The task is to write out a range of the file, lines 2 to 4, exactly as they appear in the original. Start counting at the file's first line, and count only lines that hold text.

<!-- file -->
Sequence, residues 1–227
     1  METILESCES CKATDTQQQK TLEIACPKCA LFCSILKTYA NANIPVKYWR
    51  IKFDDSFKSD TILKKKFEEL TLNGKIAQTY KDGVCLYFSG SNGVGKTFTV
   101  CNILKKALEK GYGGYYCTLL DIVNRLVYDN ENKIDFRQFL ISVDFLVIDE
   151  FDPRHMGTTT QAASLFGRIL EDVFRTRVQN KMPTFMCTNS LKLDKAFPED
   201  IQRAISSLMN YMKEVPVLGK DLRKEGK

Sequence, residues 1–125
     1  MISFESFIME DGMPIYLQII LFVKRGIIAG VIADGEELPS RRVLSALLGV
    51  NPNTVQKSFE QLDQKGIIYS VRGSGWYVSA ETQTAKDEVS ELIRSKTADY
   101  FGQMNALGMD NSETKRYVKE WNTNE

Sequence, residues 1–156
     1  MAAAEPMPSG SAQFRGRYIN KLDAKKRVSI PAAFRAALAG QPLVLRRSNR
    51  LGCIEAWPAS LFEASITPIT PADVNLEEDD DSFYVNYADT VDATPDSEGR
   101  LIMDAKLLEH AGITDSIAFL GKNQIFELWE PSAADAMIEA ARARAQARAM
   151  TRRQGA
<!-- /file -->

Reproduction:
     1  METILESCES CKATDTQQQK TLEIACPKCA LFCSILKTYA NANIPVKYWR
    51  IKFDDSFKSD TILKKKFEEL TLNGKIAQTY KDGVCLYFSG SNGVGKTFTV
   101  CNILKKALEK GYGGYYCTLL DIVNRLVYDN ENKIDFRQFL ISVDFLVIDE